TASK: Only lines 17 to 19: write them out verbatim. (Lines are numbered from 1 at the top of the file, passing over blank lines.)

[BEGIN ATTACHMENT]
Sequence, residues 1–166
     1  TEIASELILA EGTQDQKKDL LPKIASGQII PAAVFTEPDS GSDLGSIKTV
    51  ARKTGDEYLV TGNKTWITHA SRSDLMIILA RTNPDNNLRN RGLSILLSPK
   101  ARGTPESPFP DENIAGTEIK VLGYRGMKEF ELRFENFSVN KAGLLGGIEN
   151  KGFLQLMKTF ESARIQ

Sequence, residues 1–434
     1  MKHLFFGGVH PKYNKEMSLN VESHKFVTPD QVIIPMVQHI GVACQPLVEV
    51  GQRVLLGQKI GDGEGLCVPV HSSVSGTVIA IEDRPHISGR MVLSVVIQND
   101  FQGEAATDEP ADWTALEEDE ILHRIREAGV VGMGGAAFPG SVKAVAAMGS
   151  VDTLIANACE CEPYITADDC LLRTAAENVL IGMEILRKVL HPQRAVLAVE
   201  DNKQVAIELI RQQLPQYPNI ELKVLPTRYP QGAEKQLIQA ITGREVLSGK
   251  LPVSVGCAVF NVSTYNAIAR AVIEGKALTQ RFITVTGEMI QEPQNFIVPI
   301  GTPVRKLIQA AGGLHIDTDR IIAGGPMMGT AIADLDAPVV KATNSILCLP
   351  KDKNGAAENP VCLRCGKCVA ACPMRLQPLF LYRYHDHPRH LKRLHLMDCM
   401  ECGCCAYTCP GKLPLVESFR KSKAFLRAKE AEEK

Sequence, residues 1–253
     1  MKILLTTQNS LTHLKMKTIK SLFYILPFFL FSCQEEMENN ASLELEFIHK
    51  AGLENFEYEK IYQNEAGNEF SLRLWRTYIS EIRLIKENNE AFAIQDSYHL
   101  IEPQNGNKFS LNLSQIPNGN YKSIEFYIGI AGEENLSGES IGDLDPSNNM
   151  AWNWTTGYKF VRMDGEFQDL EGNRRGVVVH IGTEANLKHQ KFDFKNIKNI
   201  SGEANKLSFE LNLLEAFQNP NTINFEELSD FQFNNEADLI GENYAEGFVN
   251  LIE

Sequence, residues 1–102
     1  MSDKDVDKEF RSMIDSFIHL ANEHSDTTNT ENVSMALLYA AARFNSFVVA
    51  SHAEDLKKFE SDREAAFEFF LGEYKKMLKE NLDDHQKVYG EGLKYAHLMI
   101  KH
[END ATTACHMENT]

     1  MKILLTTQNS LTHLKMKTIK SLFYILPFFL FSCQEEMENN ASLELEFIHK
    51  AGLENFEYEK IYQNEAGNEF SLRLWRTYIS EIRLIKENNE AFAIQDSYHL
   101  IEPQNGNKFS LNLSQIPNGN YKSIEFYIGI AGEENLSGES IGDLDPSNNM